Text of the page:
Company: Southern Lord Records Release: 2007 Genre: Doom, drone Reviewer: Etiam
By striving to be somber they fail to be interesting
Drone and doom are two genres that have long carried the torch for minimalism in metal, a genre often characterized by its chronic lack of restraint. The cleverly titled Om is one such act. Since splitting from the influential sludge/stoner act Sleep, bassist/vocalist Al Cisneros and former drummer Chris Hakius formed this introspective duo that is far removed from their rollicking days of yore. 'Pilgrimage', their third LP, continues to explore themes of repetition and structural economy. (Since this recording, Chris has left the band and been replaced by Emil Amos of Grails.)
The instrumentation is refreshingly sparse, consisting of percussion with plenty of air and reverb, drop-tuned bass, and one voice. The vocals and bass are low enough that they could be shifted up an octave or two and still sound fitting for sludge metal. Still, this is not sub-aural noise; these tempos are fast enough to nod to, but not quite fast enough to be infectious. 'Chant' is a word often used to describe Al's vocals, and it is technically true: monotonous, ritualistic declamation. But his voice is a little reedy, his demeanor understated, and the result sounds less momentous in actuality than "chant" would suggest.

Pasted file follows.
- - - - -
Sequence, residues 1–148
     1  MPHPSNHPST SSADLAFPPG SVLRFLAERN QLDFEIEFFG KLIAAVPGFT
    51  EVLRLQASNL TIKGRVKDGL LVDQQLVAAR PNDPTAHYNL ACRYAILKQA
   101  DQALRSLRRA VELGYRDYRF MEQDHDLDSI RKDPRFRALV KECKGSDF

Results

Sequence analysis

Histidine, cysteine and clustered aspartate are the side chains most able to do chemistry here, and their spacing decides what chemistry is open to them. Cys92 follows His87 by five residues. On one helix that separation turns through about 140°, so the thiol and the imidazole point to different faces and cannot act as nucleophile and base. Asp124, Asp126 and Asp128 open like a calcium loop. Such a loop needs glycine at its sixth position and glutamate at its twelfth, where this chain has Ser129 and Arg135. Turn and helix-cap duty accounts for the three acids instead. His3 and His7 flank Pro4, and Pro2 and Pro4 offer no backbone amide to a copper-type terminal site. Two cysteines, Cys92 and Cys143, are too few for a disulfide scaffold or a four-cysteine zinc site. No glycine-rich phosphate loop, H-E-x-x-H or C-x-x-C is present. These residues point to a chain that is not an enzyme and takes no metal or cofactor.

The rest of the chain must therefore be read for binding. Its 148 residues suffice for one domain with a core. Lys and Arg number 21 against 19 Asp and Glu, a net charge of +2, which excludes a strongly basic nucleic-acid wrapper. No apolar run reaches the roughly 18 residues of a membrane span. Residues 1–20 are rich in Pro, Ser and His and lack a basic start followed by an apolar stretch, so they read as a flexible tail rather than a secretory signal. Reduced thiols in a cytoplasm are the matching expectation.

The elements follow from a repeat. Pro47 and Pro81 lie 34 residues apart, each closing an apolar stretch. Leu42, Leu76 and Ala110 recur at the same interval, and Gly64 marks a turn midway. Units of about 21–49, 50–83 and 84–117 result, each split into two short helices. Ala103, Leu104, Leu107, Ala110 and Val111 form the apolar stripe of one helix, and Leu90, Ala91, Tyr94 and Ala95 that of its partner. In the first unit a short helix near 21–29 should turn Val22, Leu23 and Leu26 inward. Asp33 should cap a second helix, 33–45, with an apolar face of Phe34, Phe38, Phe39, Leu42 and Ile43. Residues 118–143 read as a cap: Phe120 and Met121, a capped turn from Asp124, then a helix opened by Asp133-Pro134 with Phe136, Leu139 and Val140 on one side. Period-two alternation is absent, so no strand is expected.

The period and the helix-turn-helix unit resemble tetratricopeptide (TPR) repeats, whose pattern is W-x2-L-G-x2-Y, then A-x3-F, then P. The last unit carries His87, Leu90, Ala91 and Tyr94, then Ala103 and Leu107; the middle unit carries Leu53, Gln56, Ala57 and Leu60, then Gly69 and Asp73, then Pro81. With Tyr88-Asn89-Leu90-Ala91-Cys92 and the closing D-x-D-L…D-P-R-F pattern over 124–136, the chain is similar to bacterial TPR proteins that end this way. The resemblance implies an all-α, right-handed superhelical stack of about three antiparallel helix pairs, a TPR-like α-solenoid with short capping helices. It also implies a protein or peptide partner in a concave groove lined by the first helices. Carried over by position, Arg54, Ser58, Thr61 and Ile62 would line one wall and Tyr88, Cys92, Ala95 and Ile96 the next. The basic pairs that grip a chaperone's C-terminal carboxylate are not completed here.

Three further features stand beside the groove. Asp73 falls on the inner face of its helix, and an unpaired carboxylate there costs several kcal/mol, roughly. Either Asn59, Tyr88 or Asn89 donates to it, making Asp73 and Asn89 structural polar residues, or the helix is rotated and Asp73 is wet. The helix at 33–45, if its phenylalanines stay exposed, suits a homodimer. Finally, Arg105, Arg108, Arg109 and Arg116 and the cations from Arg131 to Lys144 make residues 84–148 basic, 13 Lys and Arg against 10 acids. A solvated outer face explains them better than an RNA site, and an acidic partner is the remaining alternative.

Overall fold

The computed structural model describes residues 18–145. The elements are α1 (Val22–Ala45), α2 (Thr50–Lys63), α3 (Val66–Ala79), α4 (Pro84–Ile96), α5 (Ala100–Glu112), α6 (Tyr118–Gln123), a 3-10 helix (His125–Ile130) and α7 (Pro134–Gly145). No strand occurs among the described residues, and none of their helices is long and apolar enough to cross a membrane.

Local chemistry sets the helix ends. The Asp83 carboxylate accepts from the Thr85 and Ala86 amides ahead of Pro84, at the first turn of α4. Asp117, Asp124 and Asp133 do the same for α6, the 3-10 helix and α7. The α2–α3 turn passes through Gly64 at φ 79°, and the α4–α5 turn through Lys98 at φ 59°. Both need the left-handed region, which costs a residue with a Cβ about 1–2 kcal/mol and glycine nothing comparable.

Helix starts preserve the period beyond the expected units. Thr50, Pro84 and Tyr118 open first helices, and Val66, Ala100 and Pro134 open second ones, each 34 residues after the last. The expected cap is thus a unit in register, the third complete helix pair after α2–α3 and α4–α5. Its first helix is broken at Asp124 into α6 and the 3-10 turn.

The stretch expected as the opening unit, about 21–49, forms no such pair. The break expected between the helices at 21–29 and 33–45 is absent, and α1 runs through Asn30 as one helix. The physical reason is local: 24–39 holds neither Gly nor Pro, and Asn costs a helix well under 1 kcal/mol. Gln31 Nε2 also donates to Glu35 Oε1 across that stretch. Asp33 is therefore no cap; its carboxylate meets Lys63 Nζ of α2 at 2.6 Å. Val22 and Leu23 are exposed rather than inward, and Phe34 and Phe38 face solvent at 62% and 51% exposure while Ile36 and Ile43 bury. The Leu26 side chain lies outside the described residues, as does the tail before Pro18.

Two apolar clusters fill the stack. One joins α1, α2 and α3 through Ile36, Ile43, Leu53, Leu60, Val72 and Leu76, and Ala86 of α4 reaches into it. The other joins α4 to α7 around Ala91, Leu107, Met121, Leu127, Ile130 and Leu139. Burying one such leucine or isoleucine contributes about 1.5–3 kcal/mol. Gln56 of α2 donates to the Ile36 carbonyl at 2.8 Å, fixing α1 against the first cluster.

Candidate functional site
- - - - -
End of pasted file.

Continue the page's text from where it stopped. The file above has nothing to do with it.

And that's the problem, in that all of 'Pilgrimage' is less momentous than it is made out to be. 'Pilgrimage' just ends up sounding incomplete, like a sketch of ideas that rarely gels. A better take on minimalist sludge would be UFOmammut, who can turn single note riffs into ghastly behemoths that quake brains from stem to cerebellum. To be fair, Om are going for a much more introspective and even peaceful state of mind--quasi-religious instead of psychedelic--but by striving to be somber they fail to be interesting. Om is a respectable and professional outfit with credibility to spare, so one cannot write them off based on this questionable exploration. Besides, 'Pilgrimage' does have some quality passages that hint at what this form has to offer. Hopefully Om will break through this phase of minor mysticism, or at least perfect it, and produce more substantive material.
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